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Hospitals face unknown reimbursements under health law

Published: Sunday, Dec. 8, 2013 5:30 a.m. CDT • Updated: Thursday, Dec. 12, 2013 9:32 a.m. CDT

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CRYSTAL LAKE – Illinois hospitals have $8 billion hanging in the balance.

If residents without health insurance follow the new law and begin seeking coverage Jan. 1, the potential financial blow could be avoided. But if too many residents continue to go uninsured and opt to pay fines or estimates about how much uninsured patients have cost hospitals are inaccurate, billions could be lost.

A potentially costly Medicare assumption was built into the Affordable Care Act that has health care providers anxious for the insurance plans entered into through the new state marketplace to kick in Jan 1.

Danny Chun, spokesman for the Illinois Hospital Association, said an $8 billion reduction in Medicare reimbursements for Illinois hospitals – and a $155 billion reduction nationally – will take place between 2010 and 2020.

The theory, he said, is hospitals will be able to offset that cost as they spend less on uninsured patients each year because the law requires all citizens to be covered. Illinois hospitals alone tallied more than $1.5 billion in uncompensated care in 2012.

“As more people get coverage the hospital’s uncompensated cost goes down, theoretically, over time,” Chun said. “But we haven’t seen the beginning of the coverage yet, so we’re not going to see the impact right away. We have to see how it plays out.”

While coverage under plans purchased through the state marketplace does not start until Jan. 1, the reduction in Medicare reimbursements began when the law was signed in 2010.

That has left hospitals such as those in the Centegra Health System needing to do more with less until the insurance plans are phased in. Centegra’s uncompensated care totaled $64.4 million this year.

Chris Westerkamp, vice president of revenue cycle for Centegra, said it is hard to pinpoint how the change will affect hospitals long term, but for now, health care providers have to be more reactive than proactive in adjusting.

“I think it is ongoing stress for Centegra and all hospitals to continue to drive best outcomes for patients while trying to reduce their costs,” he said. “It’s why we have a strong focus in wellness care and try to help people not just when they are sick.”

Area hospitals have been proactive in educating residents about insurance options through the Illinois Health Insurance Marketplace. One-on-one counseling in hospitals and community events at libraries and schools have been going on throughout the fall.

Estimates show that 32,058 McHenry County residents under 65 years old are uninsured, according to the McHenry County Health Department.

Though the available options greatly differ, plans are divided into four levels – bronze, silver, gold and platinum – that offer different levels of coverage and services based on factors such as age and income.

Even after more people become insured, hospitals have to take greater care in limiting readmissions, especially with Medicaid and Medicare patients. Hospitals will suffer greater reductions in Medicaid and Medicare reimbursements if those patients are readmitted within a certain time frame, even if it is for a different illness or disease.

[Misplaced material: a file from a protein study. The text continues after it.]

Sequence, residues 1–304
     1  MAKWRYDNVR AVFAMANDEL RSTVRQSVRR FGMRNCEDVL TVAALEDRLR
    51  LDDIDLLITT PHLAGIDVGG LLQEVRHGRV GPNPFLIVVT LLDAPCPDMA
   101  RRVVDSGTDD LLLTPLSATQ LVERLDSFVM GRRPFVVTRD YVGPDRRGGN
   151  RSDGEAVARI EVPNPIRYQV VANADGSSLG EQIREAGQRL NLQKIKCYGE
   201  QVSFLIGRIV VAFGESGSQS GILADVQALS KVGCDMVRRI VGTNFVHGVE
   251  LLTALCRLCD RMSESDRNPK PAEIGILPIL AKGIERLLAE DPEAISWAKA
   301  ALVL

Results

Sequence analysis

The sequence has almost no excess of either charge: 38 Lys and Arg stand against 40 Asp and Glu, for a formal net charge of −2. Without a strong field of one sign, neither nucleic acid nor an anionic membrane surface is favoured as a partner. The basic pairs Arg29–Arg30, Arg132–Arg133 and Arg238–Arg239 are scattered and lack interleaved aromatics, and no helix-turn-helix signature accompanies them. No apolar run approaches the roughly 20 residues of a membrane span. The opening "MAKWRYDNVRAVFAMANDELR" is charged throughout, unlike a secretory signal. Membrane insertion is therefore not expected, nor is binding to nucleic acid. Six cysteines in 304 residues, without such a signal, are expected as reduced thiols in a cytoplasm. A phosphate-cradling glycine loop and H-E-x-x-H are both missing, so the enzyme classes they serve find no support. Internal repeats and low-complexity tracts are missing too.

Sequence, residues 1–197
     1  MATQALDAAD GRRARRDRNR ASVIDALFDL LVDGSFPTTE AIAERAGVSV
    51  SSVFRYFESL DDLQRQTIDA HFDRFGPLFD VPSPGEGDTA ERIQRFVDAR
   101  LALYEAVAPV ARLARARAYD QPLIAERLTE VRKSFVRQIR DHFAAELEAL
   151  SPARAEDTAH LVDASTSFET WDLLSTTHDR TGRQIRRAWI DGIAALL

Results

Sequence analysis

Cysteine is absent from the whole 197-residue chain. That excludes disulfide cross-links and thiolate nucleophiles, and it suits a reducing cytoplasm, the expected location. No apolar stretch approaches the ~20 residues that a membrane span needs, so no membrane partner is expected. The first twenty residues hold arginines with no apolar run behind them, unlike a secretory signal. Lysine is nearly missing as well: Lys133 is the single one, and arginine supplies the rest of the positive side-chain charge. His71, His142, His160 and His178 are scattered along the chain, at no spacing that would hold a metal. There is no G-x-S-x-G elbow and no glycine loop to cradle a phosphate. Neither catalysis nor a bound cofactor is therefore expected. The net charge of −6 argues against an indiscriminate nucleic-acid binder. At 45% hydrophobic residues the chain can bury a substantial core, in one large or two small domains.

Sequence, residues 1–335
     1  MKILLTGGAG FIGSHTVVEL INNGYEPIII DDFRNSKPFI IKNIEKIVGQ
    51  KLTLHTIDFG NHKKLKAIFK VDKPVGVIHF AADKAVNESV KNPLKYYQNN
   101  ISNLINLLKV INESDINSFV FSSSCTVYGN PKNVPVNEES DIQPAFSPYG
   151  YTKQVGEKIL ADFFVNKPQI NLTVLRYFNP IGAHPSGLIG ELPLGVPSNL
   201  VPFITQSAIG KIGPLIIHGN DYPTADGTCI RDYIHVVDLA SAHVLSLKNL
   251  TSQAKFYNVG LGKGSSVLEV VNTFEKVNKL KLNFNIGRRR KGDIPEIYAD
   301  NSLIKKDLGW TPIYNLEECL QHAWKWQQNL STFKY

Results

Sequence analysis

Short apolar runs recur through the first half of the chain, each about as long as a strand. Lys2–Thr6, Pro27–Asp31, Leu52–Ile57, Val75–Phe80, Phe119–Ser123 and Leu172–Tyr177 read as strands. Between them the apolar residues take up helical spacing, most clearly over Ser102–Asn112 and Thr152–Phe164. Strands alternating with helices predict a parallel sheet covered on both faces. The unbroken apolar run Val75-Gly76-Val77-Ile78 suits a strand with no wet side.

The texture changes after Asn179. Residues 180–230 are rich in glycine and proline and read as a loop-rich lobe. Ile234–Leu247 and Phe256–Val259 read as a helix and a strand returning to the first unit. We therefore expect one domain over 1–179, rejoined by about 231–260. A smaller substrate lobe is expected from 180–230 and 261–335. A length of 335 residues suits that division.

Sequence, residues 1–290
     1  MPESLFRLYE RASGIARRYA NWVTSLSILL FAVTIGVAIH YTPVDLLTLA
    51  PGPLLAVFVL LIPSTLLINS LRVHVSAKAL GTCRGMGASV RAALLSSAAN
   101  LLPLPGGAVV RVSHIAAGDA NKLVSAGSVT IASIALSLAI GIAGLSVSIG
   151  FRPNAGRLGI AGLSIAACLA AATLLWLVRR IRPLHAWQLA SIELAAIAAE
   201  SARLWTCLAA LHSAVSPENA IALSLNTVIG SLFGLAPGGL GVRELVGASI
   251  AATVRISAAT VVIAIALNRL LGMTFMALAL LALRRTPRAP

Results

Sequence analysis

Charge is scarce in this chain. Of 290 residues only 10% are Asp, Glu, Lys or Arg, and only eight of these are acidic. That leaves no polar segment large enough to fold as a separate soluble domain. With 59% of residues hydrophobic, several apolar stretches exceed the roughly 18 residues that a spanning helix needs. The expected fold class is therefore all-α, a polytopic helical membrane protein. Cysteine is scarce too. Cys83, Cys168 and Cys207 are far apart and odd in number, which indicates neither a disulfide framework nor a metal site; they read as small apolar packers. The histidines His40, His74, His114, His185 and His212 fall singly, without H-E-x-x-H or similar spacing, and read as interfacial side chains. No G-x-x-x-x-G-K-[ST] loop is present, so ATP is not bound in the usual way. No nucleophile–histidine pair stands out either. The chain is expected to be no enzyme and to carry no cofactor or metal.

Kumar Nathan, vice president of clinical effectiveness for Centegra, said the network’s hospitals have focused on preventative programs and home health care to not only limit readmissions but hopefully stop the need for any admission.

“We have so many programs to keep people well where they can learn about their disease and understand how to monitor it and check for symptoms,” Nathan said. “The focus is on keeping them well because if we do that everything else falls into place.”

In the recent “American Hospital Quality Outcomes 2014: Report to the Nation,” Centegra hospitals scored well in the treatment of some of the most common diseases Medicaid officials want hospitals to prevent from resulting in readmissions.

Centegra–McHenry received the highest rating in five categories, including heart attacks (in-hospital and within 30 days of care), heart failure, and pneumonia (in hospital and within 30 days of care) while Centegra–Woodstock hospital received the top rating for both in-hospital and within 30 days of care for a stroke.

Despite the efforts, it will become harder to prevent readmissions for those on Medicaid because of the expected increase in those covered by the program.

Medicaid has been expanded in Illinois to include individuals earning less than $15,856 a year or a household of two adults with a combined income of up to $20,628 as well as more families. The McHenry County Department of Health estimates that roughly 23,000 residents younger than 65 in McHenry County are eligible for low-cost insurance.

Westerkamp said hospitals cannot get caught up in the potential changes to reimbursements and instead need to focus on keeping costs low and improving services as more people will be willing to seek health care because of the new law.

“One of the top reasons people do not seek our services is because they were uninsured,” Westerkamp said. “Hopefully as more people become insured they will be more likely to come to us before the issue becomes a major or chronic problem.”

Those interested in insurance through the marketplace can access plans and information at www.getcoveredillinois.org.

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